Internet Explorer (IE) 3.x has two Y2K problems. The first problem involves cookies. If a Web site uses a cookie with a two-digit year of 00, IE recognizes the cookie as expired. Cookies with other two-digit expiration dates or with four-digit dates work correctly. The second IE problem involves HTTP headers. If a Web server communicates a two-digit year of 00 in its HTTP 1.0 header, IE recognizes pages on that site as expired and does not cache them locally. HTTP 1.1 headers containing other two-digit years or containing four-digit years work correctly. Microsoft provides a hotfix for this problem on its Internet Explorer Web site (http://www.microsoft.com/ie). Scroll down to New Patch Readies Internet Explorer 3.02 for Year 2000.
IE 4.0 Problems
IE 4.0 has only one known Y2K problem. Microsoft Wallet does not recognize credit card expiration dates beyond 1999. (Other Web-based products, such as Microsoft Site Server, also use the Wallet.) IE 4.0 Service Pack 1 (SP1) has a hotfix for this problem. You can download the hotfix from Microsoft's Internet Explorer Web site (http://www.microsoft.com/ie). Scroll down to Patch Now Available for First Internet Explorer Service Pack to download SP1 and the latest patch (English version only; other languages available third quarter 1998).
Outlook 97 (8.0x) Problems
Outlook 8.0x uses a two-digit date window that spans from 30 years before the current date to 70 years after the current date. You must obtain the file outllib.dll (version 8.03.4919) to handle two-digit dates that span the century boundary. For more information about this problem, see the Microsoft Support Online article "OL97: Year 2000 Compliance for Outlook 97" (http://support.microsoft.com/ support/kb/articles/q181/3/51.asp). Outlook 98 (version 8.5.5104.6) includes a fix for this problem.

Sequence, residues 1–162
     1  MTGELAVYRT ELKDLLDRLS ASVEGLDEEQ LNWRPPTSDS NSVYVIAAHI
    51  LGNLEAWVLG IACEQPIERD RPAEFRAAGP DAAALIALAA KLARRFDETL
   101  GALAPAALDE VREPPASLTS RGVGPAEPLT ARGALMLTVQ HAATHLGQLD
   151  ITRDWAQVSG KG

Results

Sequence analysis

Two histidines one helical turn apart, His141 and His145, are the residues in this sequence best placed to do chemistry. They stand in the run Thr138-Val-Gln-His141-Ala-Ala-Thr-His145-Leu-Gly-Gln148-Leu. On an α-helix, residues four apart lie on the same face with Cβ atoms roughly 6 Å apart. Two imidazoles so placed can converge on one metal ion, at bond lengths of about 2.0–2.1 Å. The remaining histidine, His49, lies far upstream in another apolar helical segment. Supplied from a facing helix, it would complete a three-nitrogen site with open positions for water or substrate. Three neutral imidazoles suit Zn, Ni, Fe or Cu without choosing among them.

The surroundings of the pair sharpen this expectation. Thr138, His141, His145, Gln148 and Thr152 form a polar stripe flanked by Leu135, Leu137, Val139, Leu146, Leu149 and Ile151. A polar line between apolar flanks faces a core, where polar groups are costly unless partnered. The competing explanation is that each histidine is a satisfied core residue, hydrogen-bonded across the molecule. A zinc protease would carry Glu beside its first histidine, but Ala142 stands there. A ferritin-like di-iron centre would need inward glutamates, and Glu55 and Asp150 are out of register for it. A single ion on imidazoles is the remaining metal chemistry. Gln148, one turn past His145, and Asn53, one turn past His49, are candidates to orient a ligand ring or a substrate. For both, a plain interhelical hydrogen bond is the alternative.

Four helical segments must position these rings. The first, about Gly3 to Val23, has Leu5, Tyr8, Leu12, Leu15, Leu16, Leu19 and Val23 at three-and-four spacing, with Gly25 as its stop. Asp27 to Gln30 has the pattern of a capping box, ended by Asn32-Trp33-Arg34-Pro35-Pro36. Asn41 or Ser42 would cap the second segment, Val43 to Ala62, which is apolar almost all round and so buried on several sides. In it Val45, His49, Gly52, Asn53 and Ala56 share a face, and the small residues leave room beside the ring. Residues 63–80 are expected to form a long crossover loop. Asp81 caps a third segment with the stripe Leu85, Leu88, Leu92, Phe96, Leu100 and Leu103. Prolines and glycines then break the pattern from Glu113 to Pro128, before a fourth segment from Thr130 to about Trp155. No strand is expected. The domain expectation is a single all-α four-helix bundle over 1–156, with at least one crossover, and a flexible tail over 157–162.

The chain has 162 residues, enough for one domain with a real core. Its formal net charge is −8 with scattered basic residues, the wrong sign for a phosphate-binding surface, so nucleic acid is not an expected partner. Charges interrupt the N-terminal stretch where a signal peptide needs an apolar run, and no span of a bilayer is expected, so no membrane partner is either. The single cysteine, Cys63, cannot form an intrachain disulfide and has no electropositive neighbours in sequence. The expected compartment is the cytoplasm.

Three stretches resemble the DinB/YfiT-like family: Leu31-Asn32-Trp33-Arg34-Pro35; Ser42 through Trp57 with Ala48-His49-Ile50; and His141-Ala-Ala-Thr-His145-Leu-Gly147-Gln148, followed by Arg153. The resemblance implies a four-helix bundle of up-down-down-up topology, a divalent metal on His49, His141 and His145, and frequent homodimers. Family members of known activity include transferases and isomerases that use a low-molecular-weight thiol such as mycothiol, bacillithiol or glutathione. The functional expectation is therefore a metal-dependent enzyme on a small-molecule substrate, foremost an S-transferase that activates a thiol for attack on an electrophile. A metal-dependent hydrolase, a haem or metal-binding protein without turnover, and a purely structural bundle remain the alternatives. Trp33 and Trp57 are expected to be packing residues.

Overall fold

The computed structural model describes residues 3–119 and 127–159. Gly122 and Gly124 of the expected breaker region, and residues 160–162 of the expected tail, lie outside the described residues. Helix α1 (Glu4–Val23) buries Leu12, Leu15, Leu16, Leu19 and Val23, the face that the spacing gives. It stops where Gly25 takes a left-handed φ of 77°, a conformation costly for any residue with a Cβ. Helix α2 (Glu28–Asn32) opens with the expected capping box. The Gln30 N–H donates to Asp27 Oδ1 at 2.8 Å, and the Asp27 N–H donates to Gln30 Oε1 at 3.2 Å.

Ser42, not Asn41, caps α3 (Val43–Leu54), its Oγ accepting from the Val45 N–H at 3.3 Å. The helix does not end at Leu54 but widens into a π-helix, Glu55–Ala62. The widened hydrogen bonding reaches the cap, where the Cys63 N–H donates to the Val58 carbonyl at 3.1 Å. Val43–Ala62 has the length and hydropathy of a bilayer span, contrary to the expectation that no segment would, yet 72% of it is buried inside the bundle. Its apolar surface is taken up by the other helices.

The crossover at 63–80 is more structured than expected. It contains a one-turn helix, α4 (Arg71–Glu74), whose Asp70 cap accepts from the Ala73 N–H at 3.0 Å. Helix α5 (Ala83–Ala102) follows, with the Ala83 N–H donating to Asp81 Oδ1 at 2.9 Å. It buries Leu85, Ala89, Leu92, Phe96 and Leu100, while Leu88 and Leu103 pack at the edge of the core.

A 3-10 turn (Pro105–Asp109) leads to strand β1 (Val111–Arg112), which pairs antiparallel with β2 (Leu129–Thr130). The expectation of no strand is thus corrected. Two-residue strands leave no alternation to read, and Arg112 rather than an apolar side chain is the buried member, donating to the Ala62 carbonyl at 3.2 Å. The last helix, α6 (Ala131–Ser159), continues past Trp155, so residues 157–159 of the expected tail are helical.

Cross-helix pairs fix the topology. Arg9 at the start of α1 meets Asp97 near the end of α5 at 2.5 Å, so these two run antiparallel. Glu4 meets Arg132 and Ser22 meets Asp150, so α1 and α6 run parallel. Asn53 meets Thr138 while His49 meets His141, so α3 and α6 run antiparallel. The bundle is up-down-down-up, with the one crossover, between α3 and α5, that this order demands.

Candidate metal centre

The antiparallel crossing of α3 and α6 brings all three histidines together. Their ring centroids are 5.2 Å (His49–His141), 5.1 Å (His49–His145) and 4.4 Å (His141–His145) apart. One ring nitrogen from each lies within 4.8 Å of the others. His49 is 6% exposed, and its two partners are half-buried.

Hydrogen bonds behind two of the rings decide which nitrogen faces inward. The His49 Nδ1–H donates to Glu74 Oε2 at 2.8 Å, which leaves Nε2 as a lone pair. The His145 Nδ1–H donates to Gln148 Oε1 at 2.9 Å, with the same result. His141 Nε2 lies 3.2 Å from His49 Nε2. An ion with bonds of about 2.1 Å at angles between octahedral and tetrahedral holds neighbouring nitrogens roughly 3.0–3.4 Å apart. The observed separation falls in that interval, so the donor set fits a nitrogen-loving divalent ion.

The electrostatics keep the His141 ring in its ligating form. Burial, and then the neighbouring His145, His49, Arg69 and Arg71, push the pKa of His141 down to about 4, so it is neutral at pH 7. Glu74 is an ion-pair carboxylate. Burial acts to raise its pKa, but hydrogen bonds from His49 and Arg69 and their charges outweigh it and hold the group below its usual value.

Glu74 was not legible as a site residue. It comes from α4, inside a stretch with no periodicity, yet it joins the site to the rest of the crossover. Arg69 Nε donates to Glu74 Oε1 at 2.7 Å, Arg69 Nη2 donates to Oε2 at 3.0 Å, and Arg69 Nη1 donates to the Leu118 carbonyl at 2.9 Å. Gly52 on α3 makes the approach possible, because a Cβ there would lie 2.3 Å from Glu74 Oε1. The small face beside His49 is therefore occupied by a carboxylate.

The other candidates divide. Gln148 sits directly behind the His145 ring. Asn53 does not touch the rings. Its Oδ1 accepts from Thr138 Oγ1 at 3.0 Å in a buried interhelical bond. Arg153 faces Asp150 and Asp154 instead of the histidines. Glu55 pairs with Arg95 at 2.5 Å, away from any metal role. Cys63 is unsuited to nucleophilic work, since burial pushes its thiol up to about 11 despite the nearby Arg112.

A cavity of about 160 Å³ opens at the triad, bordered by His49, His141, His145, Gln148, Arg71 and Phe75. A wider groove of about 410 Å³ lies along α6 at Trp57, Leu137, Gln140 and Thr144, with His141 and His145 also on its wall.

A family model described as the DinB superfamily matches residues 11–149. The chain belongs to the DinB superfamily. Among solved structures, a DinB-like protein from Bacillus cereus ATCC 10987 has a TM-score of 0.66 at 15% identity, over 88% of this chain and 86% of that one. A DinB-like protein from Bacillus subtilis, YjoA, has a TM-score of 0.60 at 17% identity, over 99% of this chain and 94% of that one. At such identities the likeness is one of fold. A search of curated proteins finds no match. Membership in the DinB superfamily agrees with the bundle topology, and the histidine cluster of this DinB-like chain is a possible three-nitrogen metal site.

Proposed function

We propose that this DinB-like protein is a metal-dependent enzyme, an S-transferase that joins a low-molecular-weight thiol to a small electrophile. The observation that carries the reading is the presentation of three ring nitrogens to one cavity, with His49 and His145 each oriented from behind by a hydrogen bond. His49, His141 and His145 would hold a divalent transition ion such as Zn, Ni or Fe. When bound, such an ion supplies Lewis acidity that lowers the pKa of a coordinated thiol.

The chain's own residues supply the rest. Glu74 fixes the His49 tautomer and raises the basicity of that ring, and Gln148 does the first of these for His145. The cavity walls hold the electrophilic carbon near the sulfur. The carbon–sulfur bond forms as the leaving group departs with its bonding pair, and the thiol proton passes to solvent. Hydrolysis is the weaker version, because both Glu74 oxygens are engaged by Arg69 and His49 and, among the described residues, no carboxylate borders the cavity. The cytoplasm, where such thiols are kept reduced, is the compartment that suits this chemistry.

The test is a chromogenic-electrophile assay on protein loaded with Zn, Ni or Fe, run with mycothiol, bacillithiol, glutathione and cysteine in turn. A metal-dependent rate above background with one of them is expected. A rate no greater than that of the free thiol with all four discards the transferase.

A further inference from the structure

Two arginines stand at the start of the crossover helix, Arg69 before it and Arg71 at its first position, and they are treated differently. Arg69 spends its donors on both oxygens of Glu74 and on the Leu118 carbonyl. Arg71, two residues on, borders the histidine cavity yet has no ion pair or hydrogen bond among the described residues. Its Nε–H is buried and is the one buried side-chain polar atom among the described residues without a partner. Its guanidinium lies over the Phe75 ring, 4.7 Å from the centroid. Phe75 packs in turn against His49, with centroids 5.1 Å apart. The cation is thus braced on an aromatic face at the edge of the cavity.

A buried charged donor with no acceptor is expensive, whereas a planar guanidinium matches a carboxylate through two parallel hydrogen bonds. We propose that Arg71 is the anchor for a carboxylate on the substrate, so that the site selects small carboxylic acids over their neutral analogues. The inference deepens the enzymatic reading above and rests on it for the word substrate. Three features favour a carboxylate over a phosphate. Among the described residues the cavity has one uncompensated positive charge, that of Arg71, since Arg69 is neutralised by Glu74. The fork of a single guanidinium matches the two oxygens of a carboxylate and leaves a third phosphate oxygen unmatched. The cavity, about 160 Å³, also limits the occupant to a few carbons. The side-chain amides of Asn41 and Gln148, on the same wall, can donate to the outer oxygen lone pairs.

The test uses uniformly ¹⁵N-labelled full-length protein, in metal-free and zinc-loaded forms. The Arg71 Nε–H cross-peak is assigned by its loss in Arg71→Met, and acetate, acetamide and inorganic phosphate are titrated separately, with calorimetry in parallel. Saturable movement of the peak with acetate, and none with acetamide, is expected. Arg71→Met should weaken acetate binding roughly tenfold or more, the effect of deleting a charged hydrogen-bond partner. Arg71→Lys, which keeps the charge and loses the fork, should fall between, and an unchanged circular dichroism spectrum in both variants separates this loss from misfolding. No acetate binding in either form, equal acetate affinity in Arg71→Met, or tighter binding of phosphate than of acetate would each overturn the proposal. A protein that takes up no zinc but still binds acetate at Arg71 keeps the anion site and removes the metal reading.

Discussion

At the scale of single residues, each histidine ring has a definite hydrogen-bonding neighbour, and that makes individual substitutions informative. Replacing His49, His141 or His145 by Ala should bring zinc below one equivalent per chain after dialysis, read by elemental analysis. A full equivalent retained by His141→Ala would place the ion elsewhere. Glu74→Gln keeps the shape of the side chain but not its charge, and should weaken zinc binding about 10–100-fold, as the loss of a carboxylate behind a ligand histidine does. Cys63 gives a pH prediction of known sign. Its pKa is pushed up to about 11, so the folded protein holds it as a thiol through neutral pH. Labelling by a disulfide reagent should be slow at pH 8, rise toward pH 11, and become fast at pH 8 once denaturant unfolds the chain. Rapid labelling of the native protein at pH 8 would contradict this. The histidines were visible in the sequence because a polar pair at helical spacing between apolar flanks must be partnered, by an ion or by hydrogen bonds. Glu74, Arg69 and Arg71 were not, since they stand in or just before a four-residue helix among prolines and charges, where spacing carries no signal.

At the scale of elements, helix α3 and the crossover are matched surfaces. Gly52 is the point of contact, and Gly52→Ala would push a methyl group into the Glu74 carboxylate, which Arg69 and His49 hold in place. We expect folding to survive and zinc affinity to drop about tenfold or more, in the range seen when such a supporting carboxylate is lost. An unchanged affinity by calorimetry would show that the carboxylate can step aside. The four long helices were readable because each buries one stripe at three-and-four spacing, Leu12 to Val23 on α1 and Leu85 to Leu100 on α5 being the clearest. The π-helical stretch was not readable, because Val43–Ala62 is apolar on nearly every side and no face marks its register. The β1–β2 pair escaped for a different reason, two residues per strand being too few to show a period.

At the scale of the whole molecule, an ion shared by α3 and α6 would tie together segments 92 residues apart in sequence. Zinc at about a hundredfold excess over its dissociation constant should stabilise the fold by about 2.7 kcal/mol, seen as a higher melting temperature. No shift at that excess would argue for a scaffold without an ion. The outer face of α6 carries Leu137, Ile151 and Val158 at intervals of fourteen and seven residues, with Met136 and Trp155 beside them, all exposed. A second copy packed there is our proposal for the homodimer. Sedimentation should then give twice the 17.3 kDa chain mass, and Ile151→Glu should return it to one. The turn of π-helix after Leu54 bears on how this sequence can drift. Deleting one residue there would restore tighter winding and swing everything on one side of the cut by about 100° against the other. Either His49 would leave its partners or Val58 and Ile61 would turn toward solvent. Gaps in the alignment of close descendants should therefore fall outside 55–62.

SQL Server 6.5 Problems
SQL Server 6.5 has several Y2K problems. First, the EXPIREDATE clause for DUMP DATABASE does not properly handle dates after 1999. Second, SQL Executive does not recognize 2000 as a leap year. SQL Server 6.5 SP2 fixes this bug. Third, Task Manager's user interface does not recognize 2000 as a leap year. To avoid this problem, execute the stored procedure rather than the user interface to schedule the task. SQL Server 6.5 Service Pack 5 (SP5) fixes these problems.
SMS 1.2 BIOS Problems
Systems Management Server (SMS) physically inventories systems. For SMS to execute properly, the dates that the BIOS sets must be correct. As many as 47 percent of systems shipped in 1997 and 79 percent of all pre-1998 PCs fail the BIOS Y2K test. BIOS clocks have three common Y2K bugs. First, when the clock rolls from 1999 to 2000, the system clock resets to 1980. You can set the system clock to the correct year-2000 date, but the problem will recur in 2100. BIOS clocks might not recognize 2000 as a leap year or February 29, 2000, as a valid date.
Vendors use a variety of motherboards and change components based on price, availability, and functionality. Thus, you might have BIOS problems with only certain machines. To be safe, you need to verify BIOS Y2K date compatibility on every system you support. Many shareware and low-cost utilities are available for this purpose. Hardware vendors sometimes provide inexpensive BIOS updates for their systems.
Y2K problems are as important to small businesses as they are to large corporations. Protect yourself now to prevent problems in the millennium. Upgrade your software to Y2K-compliant versions before the end of 1998. If you run software that does not have an upgraded version, call your vendor monthly to find out if and when the company will release a Y2K-compliant version. Test your software for Y2K compliance before you need to reference 2000 as a valid date. Make sure your systems' BIOSs will function properly on January 1, 2000. Finally, check Microsoft's Web site monthly to learn about new Y2K problems.